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[IP] EMS and Diabetics

    I would like to give everyone some information on Emergency Medical Services and diabetic related emergencies.  I am a Nationally Registered Paramedic, and I practice in Georgia, where I am also a Paramedic Instructor.  As a side note, I am almost finished with RN school and I am about to apply to Med Schools, so I am familiar with many aspects of health care.  Most importantly, I have been a Type I for almost 14 years and a pumper for over four years.  Please bare with me on this explanation, I am trying to make it as brief yet informative as possible.
    Without being too technical, it helps to know that there are roughly four different groups of people that you could come in contact with in an emergency: first responders, EMT-basics, EMT-intermediates, and EMT-paramedics.  The titles of these people can vary from state to state, and there can be other levels, but almost all responders fit into these categories.
    When the EMS system is activated, the type of information that is provided to the dispatchers dictates the type of response that will be given.  In most diabetic emergencies that require an ambulance, the patient is unconscious, which warrants a full response.  This usually means that you will get an initial response from first responders, basics, intermediates, and possibly paramedics, who will arrive before the advanced units.  The initial response may be from the fire department, the police department or another agency.  Advanced units will have intermediates or paramedics with them.  The ambulance that arrives may or may not have advanced personnel on it, but if the patients condition requires care from advanced personnel, such personnel will ride in with the ambulance if they are on the scene.  Again, based on your location, and especially in rural areas, it is possible that you will get no advanced response.
    The majority of EMS courses in the United States are based on a nationally standardized curriculum.  This national standard covers the handling of diabetic emergencies.  All EMS courses, to my knowledge, even when not based on the national standard, cover the handling of diabetic emergencies.  While all providers are taught the signs and symptoms of diabetic emergencies, based on their training, they will handle the emergencies differently.  In the case of insulin pumps, they are not part of the national curriculum at this time.  Most instructors, however, are familiar with the pump and will give an overview to their class, especially at the advanced levels.  I always do a show and tell for my students and allow them to "play" with the pump so they can get used to it, and I advise them of how to handle a pump in an emergency.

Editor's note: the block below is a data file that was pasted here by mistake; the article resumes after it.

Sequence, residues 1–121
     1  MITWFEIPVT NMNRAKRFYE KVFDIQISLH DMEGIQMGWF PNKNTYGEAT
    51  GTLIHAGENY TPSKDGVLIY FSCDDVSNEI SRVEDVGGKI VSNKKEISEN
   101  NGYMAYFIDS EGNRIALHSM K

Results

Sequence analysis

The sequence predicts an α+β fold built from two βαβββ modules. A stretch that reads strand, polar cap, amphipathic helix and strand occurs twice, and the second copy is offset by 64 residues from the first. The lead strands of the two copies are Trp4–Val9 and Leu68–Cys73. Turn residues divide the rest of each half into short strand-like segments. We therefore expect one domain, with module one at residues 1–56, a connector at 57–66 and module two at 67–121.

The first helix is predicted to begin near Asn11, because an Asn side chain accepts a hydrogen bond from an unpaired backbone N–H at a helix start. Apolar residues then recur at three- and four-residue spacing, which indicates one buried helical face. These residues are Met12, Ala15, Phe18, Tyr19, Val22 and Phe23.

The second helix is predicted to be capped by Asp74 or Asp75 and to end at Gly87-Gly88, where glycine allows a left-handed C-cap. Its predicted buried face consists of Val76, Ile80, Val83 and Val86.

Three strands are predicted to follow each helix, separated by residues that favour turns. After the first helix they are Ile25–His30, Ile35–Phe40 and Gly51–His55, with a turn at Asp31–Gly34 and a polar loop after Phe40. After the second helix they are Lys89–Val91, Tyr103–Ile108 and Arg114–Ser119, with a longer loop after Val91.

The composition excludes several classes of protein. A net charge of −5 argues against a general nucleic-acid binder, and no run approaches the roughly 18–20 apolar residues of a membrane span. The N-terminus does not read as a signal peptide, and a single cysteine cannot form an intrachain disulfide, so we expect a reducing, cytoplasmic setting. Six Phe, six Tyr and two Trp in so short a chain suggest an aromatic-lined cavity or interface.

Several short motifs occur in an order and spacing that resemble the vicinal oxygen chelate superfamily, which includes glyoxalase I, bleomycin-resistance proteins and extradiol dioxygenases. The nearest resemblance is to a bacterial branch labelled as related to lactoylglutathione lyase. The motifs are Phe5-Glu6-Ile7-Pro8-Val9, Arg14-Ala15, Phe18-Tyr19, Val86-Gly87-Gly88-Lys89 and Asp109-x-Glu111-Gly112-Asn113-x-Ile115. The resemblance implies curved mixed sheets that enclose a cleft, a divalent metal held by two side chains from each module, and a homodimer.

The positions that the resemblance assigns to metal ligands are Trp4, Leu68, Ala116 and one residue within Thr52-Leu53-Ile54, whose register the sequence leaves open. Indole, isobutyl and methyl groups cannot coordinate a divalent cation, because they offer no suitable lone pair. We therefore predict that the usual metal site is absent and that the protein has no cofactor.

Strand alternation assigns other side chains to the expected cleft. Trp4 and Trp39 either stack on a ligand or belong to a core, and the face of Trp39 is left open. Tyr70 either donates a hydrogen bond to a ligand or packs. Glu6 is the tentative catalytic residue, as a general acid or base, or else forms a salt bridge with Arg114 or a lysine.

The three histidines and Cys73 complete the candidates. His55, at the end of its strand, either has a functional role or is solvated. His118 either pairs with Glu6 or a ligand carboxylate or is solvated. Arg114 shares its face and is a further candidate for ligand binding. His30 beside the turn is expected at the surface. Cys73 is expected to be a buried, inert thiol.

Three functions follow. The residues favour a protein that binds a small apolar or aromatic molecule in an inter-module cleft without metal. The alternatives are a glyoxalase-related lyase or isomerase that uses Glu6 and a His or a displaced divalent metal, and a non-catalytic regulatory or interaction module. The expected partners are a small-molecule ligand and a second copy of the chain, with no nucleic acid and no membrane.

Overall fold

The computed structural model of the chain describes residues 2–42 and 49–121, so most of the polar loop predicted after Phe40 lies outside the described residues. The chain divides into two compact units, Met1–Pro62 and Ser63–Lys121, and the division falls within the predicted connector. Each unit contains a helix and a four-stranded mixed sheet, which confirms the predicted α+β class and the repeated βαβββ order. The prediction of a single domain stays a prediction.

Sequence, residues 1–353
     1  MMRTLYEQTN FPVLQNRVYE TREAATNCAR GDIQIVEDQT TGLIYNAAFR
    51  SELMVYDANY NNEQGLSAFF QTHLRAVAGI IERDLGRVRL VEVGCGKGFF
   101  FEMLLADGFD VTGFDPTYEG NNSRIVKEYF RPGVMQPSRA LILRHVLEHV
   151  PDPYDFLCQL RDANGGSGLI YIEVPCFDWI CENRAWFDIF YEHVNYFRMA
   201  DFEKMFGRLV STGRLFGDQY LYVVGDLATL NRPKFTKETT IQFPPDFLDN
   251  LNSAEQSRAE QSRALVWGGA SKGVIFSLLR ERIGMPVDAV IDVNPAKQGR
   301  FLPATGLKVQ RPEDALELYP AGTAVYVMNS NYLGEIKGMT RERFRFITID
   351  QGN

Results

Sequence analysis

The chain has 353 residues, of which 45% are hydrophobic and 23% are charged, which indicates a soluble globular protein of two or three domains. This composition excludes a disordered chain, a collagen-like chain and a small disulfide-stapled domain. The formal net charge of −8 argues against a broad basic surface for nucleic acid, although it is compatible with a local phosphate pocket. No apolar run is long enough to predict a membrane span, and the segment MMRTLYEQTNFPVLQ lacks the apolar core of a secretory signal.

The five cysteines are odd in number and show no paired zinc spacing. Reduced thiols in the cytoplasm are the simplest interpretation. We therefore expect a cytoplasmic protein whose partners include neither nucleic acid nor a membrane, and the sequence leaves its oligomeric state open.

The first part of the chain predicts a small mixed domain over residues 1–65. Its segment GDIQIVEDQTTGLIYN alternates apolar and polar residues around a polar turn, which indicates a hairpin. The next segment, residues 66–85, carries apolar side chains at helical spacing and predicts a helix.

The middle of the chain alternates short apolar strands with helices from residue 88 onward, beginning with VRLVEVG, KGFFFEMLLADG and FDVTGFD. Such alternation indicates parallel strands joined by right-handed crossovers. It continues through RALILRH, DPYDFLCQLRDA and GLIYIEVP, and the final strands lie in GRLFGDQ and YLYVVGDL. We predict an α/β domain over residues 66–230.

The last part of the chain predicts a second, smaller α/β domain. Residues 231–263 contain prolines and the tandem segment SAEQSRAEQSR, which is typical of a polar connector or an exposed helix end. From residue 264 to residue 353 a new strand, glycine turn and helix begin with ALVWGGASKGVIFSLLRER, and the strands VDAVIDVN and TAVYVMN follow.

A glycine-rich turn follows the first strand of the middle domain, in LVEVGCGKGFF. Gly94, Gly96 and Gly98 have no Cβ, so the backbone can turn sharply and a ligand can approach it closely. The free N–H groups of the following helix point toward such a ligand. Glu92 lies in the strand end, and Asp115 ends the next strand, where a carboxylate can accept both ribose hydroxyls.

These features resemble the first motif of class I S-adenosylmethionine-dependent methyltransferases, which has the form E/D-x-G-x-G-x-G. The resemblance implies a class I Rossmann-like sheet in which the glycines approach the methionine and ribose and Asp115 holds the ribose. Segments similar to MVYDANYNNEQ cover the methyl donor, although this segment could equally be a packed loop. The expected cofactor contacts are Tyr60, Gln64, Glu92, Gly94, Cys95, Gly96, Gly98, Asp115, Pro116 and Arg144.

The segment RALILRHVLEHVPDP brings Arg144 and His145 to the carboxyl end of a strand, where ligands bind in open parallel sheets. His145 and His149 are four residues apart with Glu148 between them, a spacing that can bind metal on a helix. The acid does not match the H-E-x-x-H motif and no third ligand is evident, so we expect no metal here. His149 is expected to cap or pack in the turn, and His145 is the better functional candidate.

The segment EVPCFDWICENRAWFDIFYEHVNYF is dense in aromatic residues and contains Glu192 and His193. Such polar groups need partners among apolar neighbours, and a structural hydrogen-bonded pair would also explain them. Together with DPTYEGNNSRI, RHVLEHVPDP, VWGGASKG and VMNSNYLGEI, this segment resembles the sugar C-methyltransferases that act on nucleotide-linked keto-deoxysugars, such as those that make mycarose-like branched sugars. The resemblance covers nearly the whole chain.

We will always check a blood sugar if our certification level permits.  Some EMS providers will have glucometers, while others will have chemstrips for visual interpretation.  Chemstrips (visual) allow us to gather enough information to judge high / low, even if we don't get a perfect reading.  In the case of hypoglycemia, advanced providers will administer glucose orally if the patient is conscious and with an intact gag reflex, or intravenously if necessary.  Glucagon, injected intramuscularly, will be given if IV access is unavailable.  In the case of hyperglycemia, IV fluids will be administered, as well as anti - nausea medications as needed.  While paramedics are allowed to perform any procedure that a doctor certifies them to perform (by most state laws), insulin administration is not a common practice in the field, and I know of no EMS provider who gives insulin.  We do not have lab tests in the field, and we cannot accurately dose insulin without labs, among other things.
    Again, it is possible that you will not have an advanced provider in an emergency.  Basic level providers will handle the situation based on their training, and are able to make life saving interventions.  The EMS system is not always perfect, and paramedics are not always available, especially in rural areas.
    If you are a diabetic, please remember to wear a medic alert bracelet, and carry a wallet card if you have an insulin pump.  WE ALWAYS check for medic alert tags.  The sad thing is, I rarely find them on diabetics.  While providers who are so trained will always check a blood sugar on an unconscious or altered mental status patient, it always helps us to know your medical history.  In a cardiac arrest situation, which, in a diabetic, could possibly be caused by hypoglycemia, medic alert tags are critical, as they help us "piece together the puzzle" which allows us to save lives.
    I can't promise that all EMS providers will be without fault.  I am sorry if you have had contact with any that have been less than perfect.  We work together as a team, though, and we make things happen.  Please help us to stay educated on insulin pumps and diabetics by volunteering your time to your local EMS service as a teacher.
    If I can answer any questions or be of assistance, please E-mail me.
Hunter Hughes, NREMT-P